Not all HDL cholesterol ‘good’ for your heart
MedWire News: High-density lipoprotein (HDL) cholesterol is composed of two subtypes that have opposite associations with coronary heart disease (CHD), show US researchers.
The major subtype of HDL cholesterol, which lacks surface apolipoprotein (apo) C-III, has a protective association with CHD, while the smaller subfraction, which does display surface apoC-III, tends to be associated with increased CHD risk, they report.
"This finding… could lead to better evaluation of risk of heart disease in individuals and to more precise targeting of treatments to raise the protective HDL or lower the unfavorable HDL with apoC-III," said lead author Frank Sacks, from the Harvard School of Public Health, Boston, Massachusetts, in a press statement.
The researchers have previously shown that apoC-III provokes inflammatory and atherogenic responses in cells involved in atherosclerosis. However, although particles exist both with and without apoC-III, little is known about the role of apoC-III in relation to HDL function or CHD risk, they explain.
For the current research, Sacks and colleagues therefore compared plasma concentrations of total HDL, HDL with apoC-III, and HDL without apoC-III as predictors for CHD risk in two prospective studies of men and women who were initially free of CHD.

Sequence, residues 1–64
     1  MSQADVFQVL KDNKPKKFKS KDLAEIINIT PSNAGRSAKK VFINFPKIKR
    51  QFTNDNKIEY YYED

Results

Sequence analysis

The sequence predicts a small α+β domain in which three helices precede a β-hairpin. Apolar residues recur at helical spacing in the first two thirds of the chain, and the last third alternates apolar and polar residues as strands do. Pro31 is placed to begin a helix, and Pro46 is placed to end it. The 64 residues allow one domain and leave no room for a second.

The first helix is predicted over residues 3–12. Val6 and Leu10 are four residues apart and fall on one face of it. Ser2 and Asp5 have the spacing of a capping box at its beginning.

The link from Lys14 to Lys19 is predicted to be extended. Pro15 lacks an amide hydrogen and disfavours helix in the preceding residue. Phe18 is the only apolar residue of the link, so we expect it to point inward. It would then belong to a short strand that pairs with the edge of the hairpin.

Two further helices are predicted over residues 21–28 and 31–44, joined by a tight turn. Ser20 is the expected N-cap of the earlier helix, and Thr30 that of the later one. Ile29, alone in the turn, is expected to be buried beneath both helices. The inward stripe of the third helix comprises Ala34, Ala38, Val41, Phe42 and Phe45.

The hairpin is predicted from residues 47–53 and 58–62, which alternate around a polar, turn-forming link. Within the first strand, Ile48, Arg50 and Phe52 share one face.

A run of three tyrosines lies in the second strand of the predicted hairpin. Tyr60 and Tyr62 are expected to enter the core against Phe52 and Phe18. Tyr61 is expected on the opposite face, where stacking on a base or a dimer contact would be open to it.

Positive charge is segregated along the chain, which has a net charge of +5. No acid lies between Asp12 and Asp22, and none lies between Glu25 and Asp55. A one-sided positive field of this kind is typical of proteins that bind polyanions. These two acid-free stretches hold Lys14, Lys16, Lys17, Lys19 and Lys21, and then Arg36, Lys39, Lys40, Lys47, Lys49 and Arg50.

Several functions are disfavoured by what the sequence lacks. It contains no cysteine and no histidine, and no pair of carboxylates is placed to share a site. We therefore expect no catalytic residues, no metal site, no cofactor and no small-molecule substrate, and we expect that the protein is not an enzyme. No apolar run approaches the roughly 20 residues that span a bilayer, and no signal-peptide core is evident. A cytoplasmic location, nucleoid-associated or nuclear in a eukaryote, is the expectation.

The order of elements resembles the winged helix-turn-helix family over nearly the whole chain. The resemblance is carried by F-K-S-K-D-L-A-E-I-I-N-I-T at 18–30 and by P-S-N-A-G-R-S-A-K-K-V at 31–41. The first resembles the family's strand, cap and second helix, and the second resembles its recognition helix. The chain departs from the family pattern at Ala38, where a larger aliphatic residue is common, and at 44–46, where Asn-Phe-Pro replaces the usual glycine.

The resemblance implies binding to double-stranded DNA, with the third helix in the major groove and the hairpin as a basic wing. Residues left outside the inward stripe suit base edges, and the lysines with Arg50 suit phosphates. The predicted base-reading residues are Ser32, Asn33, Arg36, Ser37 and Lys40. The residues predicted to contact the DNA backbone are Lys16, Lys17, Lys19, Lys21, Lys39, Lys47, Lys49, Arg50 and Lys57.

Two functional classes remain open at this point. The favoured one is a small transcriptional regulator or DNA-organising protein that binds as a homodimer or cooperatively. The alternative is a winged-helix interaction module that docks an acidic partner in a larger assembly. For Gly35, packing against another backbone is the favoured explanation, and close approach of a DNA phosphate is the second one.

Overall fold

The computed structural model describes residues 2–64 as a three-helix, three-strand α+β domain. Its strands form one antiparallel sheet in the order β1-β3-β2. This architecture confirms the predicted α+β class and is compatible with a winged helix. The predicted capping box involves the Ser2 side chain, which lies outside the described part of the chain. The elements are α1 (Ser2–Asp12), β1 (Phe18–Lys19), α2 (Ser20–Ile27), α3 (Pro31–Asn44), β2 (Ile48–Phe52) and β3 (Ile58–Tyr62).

They measured HDL cholesterol in the plasma of 572 participants from the Nurses' Health Study and 699 participants from the Health Professionals Follow-Up Study. Plasma HDL cholesterol was then separated according to the presence or absence of apoC-III.
Baseline blood samples were obtained between 1990 and 1995 and participants were followed up for incident CHD, defined as a diagnosis of nonfatal myocardial infarction or fatal CHD, for 10-14 years.
The researchers report that total HDL cholesterol was inversely associated with risk for CHD among the participants. There was a 22% decrease in CHD risk per standard deviation (SD) in total HDL cholesterol
However, individuals who developed CHD had significantly lower levels of HDL cholesterol that lacked apoC-III than those who did not develop CHD, at mean baseline concentrations of 1.52 mmol/L versus 1.64 mmol/L, respectively.
As reported in the Journal of the American Heart Association, multivariate analysis revealed that the two HDL cholesterol subtypes had opposing associations with CHD risk.
Each SD increase in HDL without apoC-III (0.53 mmol/L) was associated with a significant 34% decrease in risk for incident CHD while each SD increase in HDL with apoC-III (0.07 mmol/L) was associated with an 18% increase in risk for incident CHD.
"Our findings highlight that HDL comprises a group of particles that may be more or less closely linked with atherosclerosis," write Sacks et al.
"This may have implications for future development of novel therapeutic interventions aimed at HDL elevation as the cardioprotective benefits may differ depending on the affected HDL subfraction," they conclude.
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By Sally Robertson